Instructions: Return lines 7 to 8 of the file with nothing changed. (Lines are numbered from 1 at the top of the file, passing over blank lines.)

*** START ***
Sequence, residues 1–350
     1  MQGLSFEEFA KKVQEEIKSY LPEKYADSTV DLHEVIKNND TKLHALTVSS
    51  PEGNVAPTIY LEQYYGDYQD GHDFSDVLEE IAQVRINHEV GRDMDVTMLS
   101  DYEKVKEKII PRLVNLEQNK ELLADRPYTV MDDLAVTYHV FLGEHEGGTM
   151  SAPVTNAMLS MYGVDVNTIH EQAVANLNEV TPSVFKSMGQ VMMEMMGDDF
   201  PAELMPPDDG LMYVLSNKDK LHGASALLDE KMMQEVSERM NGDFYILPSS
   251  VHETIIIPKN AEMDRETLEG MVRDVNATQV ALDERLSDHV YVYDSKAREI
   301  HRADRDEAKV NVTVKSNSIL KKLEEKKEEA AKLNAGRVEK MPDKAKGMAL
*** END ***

   251  VHETIIIPKN AEMDRETLEG MVRDVNATQV ALDERLSDHV YVYDSKAREI
   301  HRADRDEAKV NVTVKSNSIL KKLEEKKEEA AKLNAGRVEK MPDKAKGMAL